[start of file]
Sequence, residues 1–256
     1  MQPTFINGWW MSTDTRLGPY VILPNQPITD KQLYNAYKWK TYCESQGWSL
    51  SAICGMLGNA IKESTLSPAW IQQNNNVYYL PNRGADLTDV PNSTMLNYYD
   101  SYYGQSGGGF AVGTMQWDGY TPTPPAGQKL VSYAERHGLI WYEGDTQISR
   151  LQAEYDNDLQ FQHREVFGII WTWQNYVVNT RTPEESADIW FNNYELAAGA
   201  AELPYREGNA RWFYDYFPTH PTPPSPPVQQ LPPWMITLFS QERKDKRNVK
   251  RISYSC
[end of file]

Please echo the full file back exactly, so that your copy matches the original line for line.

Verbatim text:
Sequence, residues 1–256
     1  MQPTFINGWW MSTDTRLGPY VILPNQPITD KQLYNAYKWK TYCESQGWSL
    51  SAICGMLGNA IKESTLSPAW IQQNNNVYYL PNRGADLTDV PNSTMLNYYD
   101  SYYGQSGGGF AVGTMQWDGY TPTPPAGQKL VSYAERHGLI WYEGDTQISR
   151  LQAEYDNDLQ FQHREVFGII WTWQNYVVNT RTPEESADIW FNNYELAAGA
   201  AELPYREGNA RWFYDYFPTH PTPPSPPVQQ LPPWMITLFS QERKDKRNVK
   251  RISYSC